Monday, August 27, 2018

Unintended Consequences

By Frank Boles

Historical documentation is often an afterthought. People “in the moment” are usually not thinking about history or historical documentation – they are thinking about and recording things they need or learning about things they want to know. One of the primary examples of this phenomena is local newspapers. No one publishes or buys a local newspaper for historical reasons, but one of the Clarke Historical Library’s premier projects has been to preserve and distribute historical copies of Michigan’s local newspapers, which almost always serve as the most complete record of community history.

How fully local history is recorded in daily papers is the result of a wide variety of things; things no one would often connect to local history. The amount of local history found in newspapers is often an unintended consequence.

One example of this situation is the often proclaimed death of the newspaper as we have known it. I have read many a story proclaiming the end of printed newspapers. Others who read those same articles told me that if the trend continued the Clarke would soon be out of the “historical newspaper business.”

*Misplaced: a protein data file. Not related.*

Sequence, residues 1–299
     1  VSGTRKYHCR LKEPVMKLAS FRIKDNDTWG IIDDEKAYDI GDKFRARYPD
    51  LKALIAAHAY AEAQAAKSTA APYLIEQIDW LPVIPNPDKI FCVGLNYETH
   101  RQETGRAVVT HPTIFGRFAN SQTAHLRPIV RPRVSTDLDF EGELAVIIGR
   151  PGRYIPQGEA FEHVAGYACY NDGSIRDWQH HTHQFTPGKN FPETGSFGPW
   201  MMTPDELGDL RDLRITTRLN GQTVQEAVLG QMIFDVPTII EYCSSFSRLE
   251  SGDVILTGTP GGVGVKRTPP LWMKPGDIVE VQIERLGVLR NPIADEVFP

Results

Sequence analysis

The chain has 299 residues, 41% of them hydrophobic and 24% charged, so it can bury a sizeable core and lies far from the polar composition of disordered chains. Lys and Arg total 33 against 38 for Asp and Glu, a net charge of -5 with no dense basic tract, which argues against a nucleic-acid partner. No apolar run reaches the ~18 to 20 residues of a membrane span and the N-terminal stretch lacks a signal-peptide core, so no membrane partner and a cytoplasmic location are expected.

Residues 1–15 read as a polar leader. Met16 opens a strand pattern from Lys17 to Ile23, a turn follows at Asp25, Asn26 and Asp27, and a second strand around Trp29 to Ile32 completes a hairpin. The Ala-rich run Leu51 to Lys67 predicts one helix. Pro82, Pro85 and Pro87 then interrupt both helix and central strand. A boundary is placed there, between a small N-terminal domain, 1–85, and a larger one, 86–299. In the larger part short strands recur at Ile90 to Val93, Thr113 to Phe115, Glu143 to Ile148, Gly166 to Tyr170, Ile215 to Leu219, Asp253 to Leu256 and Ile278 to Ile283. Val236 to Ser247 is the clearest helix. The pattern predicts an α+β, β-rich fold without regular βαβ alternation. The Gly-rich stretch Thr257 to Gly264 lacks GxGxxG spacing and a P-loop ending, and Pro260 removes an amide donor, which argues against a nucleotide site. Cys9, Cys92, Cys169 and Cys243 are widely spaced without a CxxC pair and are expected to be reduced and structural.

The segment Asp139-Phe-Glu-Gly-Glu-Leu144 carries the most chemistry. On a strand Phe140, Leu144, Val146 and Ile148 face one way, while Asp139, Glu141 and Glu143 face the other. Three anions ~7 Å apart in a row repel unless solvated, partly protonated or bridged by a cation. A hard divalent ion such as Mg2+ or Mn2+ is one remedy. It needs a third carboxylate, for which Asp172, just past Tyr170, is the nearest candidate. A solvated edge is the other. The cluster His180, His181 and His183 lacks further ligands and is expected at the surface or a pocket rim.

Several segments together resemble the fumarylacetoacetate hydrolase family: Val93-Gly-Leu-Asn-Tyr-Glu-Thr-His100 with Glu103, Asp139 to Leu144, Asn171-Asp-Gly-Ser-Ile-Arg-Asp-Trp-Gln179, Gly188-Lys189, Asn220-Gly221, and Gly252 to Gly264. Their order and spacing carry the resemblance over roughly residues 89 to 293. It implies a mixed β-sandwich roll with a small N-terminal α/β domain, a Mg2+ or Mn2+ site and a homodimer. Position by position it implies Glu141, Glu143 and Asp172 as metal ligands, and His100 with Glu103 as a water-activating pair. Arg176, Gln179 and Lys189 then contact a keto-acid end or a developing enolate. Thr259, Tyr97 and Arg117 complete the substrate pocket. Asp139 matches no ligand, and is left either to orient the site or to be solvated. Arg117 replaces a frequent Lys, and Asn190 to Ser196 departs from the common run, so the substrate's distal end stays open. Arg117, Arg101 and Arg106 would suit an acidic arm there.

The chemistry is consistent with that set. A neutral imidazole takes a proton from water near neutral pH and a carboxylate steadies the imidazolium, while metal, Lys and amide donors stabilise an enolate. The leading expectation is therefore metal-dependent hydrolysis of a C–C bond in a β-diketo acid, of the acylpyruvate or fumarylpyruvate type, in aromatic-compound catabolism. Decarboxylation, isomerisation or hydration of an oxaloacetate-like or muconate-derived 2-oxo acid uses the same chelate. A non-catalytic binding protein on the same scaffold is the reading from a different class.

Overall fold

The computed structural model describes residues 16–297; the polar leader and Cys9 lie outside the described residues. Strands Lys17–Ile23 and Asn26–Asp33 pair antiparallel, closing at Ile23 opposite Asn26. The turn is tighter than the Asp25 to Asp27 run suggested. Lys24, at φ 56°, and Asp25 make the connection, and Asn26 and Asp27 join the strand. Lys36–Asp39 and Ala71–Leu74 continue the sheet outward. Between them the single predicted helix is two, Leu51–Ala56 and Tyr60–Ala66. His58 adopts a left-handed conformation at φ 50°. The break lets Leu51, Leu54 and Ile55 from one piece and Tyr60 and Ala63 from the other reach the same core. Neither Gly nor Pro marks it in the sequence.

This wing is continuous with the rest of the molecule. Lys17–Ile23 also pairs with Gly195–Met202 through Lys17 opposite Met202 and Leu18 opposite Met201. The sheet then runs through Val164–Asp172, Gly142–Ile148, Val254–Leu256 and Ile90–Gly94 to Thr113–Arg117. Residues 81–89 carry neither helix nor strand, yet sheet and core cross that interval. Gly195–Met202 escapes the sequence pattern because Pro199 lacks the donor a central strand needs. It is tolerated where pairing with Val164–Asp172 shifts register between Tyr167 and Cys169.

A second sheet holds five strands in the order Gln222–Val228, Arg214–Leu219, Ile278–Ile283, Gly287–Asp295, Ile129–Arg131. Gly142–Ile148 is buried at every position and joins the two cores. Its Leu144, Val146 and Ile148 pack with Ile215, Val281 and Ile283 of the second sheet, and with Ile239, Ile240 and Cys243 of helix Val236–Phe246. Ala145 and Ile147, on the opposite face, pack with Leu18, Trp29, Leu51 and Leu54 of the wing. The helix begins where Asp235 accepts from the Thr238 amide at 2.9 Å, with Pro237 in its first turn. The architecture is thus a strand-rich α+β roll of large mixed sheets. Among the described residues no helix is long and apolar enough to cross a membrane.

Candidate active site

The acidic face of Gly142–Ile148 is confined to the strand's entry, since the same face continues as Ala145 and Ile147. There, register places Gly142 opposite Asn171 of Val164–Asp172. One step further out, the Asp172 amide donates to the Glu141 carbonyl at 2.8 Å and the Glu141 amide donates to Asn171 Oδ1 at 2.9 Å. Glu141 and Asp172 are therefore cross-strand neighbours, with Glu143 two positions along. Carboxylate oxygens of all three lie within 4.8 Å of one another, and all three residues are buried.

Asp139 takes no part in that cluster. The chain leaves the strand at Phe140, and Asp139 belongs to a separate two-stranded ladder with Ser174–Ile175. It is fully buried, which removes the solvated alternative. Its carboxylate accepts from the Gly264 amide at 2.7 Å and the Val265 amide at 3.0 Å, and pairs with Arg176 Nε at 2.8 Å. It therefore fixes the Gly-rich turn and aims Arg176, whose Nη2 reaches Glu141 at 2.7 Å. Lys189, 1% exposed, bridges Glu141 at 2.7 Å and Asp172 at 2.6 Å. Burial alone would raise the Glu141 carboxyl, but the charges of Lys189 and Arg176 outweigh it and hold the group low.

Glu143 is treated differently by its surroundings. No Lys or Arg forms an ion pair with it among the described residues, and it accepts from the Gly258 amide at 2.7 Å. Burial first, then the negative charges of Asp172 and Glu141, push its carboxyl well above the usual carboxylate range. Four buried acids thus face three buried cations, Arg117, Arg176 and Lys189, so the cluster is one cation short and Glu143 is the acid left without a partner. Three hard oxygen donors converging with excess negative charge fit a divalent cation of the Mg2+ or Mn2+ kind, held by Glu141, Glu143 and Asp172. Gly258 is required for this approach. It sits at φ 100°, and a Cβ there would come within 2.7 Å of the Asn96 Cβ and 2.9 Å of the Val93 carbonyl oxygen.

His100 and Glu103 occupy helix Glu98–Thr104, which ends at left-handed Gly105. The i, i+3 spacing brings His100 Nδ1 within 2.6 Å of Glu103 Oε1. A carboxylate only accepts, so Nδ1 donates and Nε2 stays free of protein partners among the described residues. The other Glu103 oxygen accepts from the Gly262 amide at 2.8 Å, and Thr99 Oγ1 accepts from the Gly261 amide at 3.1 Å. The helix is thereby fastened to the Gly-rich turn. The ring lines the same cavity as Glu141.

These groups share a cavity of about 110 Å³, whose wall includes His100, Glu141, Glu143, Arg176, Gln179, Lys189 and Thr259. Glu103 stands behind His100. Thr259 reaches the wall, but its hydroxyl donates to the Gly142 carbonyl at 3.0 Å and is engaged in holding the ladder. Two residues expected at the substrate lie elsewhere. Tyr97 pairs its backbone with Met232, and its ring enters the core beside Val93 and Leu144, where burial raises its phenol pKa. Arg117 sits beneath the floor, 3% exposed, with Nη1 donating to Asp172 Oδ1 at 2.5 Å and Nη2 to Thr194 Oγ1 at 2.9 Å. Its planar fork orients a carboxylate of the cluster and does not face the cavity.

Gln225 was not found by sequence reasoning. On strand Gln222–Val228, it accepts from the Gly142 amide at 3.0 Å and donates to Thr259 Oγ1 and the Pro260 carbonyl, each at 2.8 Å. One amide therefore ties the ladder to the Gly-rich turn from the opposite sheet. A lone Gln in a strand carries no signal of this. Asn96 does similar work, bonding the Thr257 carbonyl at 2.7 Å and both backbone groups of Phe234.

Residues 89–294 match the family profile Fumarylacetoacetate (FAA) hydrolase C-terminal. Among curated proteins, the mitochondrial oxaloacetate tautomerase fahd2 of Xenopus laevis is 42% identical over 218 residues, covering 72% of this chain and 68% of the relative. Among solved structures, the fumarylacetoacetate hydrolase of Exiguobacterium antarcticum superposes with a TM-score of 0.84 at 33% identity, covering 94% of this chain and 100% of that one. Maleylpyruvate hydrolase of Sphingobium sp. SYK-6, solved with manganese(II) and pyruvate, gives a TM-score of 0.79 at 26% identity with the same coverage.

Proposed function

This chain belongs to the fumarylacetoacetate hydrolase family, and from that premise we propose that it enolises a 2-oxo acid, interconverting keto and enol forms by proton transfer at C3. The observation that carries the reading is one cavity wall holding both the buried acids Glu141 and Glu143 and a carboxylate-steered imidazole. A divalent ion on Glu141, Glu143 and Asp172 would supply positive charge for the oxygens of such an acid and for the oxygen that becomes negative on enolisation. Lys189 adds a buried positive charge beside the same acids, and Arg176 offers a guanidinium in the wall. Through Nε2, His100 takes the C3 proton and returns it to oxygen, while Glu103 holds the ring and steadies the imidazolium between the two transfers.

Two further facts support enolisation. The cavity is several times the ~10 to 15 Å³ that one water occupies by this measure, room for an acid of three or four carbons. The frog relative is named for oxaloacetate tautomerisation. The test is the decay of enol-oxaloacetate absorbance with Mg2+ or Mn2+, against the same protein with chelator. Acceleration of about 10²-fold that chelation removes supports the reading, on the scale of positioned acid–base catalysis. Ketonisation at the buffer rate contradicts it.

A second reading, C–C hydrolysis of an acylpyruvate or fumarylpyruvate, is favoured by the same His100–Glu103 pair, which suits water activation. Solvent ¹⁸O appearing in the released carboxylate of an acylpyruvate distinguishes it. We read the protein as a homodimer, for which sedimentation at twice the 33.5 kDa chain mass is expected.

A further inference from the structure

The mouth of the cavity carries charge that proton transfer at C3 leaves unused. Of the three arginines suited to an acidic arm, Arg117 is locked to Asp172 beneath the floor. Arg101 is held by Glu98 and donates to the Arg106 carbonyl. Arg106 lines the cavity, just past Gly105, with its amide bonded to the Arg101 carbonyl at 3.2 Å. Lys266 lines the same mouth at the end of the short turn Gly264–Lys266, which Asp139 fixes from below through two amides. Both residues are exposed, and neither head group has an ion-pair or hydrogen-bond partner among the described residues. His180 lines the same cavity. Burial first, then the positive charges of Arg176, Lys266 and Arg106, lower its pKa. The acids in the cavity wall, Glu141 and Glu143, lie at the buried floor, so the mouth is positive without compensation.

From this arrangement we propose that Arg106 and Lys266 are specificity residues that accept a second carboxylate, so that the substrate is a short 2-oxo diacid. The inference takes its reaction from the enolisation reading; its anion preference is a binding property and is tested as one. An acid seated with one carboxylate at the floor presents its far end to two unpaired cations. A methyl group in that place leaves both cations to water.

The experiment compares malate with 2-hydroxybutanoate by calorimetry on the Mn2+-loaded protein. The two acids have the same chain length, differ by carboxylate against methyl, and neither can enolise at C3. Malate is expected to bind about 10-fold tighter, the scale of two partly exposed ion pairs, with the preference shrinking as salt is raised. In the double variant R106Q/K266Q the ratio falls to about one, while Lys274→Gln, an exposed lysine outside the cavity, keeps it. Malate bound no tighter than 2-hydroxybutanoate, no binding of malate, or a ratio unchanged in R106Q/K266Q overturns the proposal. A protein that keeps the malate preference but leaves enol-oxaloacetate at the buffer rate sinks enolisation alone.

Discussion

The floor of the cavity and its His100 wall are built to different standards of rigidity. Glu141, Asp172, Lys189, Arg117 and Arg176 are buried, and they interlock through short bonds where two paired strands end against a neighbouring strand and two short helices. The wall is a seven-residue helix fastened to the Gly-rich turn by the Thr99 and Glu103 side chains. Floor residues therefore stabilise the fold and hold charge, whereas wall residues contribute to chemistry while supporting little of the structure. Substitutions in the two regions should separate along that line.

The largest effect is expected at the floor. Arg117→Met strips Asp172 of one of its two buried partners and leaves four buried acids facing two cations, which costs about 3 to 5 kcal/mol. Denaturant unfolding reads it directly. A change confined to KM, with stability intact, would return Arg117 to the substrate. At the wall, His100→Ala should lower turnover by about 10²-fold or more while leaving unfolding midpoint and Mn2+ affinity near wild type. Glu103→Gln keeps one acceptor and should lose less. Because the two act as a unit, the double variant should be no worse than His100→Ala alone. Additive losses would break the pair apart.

What we have seen, instead, is that many newspapers have remain financially successful, and that the vast majority of those financially successful papers have adopted a laser focus on local news. Although they can’t compete with CNN to report the latest events in Washington, they can make money covering local government, local schools, and local sports, things CNN never talks about.  

Although newspapers adopted a local-news focused business model as a way to survive financially, we at the Clarke quietly smiled at the unintended historical consequences of the change. Local papers with rich local coverage become a rich local historical resource. From our point of view, the often advertised “death” of the newspaper has resulted in a renaissance of local reporting in newspapers and a resurgence of material for local history. Times have been good for those of us in the historical newspaper business!

Workmen positioning newsprint
rolls in a warehouse.
But unintended benefits bestowed by one set of circumstances can be taken away by another. One ingredient of the plethora of local news appearing in today’s newspapers is cheap newsprint. Newsprint, however, has become a casualty in the growing trade war between the United States and Canada.